There are many, many pass concepts that stress the flat defender. Most of them involve two- man route combinations into the flat area, but Norvell does so with a vertical, wheel, and swing.


The defense was in a version of cover-3 that requires the flat defender to run the No. 2 if he runs a vertical route. The tight end is the No. 2 receiver and rans a deep dig route. The flat defender had to respect the tight end’s vertical stem and dropped far back. The flat defender saw the running back coming out of the backfield and he has to run with the wheel.

All this action left the H-back wide open in the flat, and Ferguson found him for an easy and nice gain on the play.

This play also included a shallow cross on the backside and Ferguson likely had the option of working that concept depending on what type of coverage the defense is in.

The screen game

Norvell’s screen game is explosive. It’s quite similar to Sean McVay’s screen game with the Los Angeles Rams. Norvell doesn’t do anything completely different, but the small tweaks he uses make all the difference.

On top of that, the Memphis players are extremely well-coached and execute at a high level. The timing of how the screens develops is impeccable. The offensive line does a good job of releasing to the second level right on time and blocks well in space. The pass-catchers on screens are good at setting up and following their blocks. Perhaps, it’s the fundamentals that are truly the secret to the screen game working.

Empty 2-tunnel screen


The Memphis offense was an empty formation with the three receiver side toward the field. The defense is in a quarters defense. The defensive back over the No. 2 receiver (Miller) is reading Miller and his eyes are on him. When the ball is snapped, Miller doesn’t move. It’s unclear whether this is done on purpose, but it works because the defensive back is frozen, which buys time for the No. 3 receiver to block him.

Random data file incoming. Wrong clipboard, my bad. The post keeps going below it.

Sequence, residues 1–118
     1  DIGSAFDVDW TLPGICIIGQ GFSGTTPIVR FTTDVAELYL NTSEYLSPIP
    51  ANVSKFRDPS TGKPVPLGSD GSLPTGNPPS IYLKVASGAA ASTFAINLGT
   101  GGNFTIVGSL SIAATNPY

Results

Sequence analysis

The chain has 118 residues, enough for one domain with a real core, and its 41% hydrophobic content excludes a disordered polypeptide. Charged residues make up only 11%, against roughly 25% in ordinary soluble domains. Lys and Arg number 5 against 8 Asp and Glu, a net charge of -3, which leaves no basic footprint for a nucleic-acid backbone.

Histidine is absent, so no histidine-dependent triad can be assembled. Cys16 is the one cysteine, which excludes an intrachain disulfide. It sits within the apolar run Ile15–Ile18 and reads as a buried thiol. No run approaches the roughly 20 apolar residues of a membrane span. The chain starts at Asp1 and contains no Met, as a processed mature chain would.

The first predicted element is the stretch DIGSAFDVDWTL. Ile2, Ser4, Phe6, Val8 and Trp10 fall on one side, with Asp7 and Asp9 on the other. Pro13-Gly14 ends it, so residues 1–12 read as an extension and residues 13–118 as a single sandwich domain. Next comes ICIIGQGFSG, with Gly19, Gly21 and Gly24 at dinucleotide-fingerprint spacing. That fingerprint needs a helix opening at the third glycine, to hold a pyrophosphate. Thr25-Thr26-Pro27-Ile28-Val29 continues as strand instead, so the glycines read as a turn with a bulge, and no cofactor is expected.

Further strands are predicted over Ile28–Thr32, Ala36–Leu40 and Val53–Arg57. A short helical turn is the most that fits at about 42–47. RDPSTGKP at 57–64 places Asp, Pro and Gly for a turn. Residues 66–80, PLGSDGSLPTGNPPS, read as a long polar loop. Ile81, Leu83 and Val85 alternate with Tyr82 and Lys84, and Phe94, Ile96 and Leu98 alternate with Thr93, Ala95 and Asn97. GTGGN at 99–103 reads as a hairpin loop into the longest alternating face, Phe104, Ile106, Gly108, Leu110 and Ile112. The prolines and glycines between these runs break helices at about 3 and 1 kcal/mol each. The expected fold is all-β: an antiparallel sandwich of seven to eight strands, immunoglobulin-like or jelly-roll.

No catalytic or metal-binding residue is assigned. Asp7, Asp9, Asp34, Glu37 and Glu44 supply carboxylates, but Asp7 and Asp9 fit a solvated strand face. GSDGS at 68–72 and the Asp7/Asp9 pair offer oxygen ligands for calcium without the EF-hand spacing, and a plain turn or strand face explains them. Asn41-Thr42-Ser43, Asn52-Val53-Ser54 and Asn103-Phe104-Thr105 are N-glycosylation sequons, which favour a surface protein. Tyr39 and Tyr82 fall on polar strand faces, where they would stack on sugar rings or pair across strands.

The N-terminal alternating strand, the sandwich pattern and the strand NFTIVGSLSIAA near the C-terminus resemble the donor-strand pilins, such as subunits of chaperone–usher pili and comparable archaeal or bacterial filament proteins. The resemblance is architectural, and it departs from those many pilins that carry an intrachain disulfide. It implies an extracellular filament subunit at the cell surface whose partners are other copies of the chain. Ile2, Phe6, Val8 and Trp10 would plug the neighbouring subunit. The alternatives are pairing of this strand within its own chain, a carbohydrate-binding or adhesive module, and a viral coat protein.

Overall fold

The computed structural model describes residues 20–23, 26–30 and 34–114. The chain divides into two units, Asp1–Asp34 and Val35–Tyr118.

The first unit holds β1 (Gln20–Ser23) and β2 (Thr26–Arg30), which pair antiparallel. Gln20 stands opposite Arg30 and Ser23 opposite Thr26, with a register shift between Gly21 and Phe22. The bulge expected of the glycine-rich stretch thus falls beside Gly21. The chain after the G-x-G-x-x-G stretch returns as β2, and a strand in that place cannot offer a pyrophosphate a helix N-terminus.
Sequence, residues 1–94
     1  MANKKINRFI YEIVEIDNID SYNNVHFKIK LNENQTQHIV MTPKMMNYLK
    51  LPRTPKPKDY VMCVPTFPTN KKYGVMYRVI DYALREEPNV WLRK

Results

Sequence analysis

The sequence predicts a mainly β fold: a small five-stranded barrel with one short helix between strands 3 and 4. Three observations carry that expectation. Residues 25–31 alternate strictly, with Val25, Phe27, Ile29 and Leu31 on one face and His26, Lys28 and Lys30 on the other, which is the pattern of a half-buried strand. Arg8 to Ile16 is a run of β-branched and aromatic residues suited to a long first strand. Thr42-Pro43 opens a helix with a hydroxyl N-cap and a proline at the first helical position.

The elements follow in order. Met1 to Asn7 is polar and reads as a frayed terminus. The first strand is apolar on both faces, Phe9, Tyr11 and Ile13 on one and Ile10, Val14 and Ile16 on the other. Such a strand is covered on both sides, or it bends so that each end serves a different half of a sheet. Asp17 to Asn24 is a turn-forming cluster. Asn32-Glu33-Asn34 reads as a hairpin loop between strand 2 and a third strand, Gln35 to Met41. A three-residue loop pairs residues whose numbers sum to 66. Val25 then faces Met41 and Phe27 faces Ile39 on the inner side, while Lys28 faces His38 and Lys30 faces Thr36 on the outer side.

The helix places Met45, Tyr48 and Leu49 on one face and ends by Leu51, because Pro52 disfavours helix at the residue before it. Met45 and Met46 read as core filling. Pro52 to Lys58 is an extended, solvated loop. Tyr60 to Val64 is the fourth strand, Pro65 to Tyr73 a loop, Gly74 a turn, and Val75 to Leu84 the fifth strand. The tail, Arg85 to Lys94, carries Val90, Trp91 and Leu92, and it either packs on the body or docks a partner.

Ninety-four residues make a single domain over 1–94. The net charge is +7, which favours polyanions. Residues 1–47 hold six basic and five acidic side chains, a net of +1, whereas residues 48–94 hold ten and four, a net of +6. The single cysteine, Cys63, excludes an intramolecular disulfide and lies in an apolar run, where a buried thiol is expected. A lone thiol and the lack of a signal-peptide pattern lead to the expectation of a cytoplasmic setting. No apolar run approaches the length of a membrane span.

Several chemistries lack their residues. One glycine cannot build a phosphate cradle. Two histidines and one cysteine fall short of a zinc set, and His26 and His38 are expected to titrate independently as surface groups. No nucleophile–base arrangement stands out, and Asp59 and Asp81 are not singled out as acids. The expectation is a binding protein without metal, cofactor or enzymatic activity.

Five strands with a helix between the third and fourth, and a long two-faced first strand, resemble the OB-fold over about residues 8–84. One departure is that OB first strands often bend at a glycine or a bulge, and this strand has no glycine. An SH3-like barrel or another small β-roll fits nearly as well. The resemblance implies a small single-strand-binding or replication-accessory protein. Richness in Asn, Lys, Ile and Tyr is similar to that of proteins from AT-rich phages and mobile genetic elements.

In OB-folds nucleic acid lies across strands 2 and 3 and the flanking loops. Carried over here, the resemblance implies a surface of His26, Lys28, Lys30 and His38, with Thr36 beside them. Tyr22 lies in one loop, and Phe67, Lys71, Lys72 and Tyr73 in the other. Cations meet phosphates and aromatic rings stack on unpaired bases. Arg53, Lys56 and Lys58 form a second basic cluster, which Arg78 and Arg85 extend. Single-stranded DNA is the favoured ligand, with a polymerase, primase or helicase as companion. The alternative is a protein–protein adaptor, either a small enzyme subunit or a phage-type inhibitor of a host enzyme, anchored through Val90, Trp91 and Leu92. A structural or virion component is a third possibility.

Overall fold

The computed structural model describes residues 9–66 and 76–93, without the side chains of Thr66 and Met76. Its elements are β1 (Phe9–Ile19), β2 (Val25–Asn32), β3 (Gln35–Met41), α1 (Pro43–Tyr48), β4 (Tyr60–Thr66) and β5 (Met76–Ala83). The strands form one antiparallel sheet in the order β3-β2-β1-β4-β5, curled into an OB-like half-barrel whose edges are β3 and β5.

The tackle on the screen side tossed the defensive end out of the way and created a convoy with the guard and center. Miller did a great job of being patient and popped out of traffic when his blocks were set up.

Fly sweep PA slip screen from under center

This screen is one the Rams used with great success all throughout the 2017 season. Norvell runs it from under center and from shotgun.


The offense was in a tight formation with a tight end and wing to the right and twins to the left. Ferguson motioned the Z receiver over for the fly sweep fake. The tight end and wing arced out to the perimeter to block, which made the fake more believable. The next fake was to the running back toward the left.

The last part of the deception came when Ferguson pulls the ball back like it was a play action fake. The defensive line went for the bait and rushed him hard. The two guards and center release right as the back turned around for the pass. This sort of timing takes a lot of practice to get done but when it's done right, it's so difficult for the defense to read.

Another important detail is the play of the receiver to the left of the formation. Watch how he pushed hard vertically to hold the corner before making a hard cut inside to block the flat defender. By doing this, he delayed the corner for the offensive linemen to have more time to release. This creates a favorable blocking angle on the flat defender.


When Memphis runs this play from shotgun, the formation is slightly different, but all the same elements are there. There’s the fake fly sweep with arc block, fake to the back, before dropping back and throwing to him with the two guards and center leading the way.

It’s an extremely hard play for linebackers to diagnose with all of the fakes. It takes time to practice this sort of precision, but based on McVay’s and Norvell’s success running the screens, it's definitely worth the time investment.

Follow Ted Nguyen on Twitter at @FB_FilmAnalysis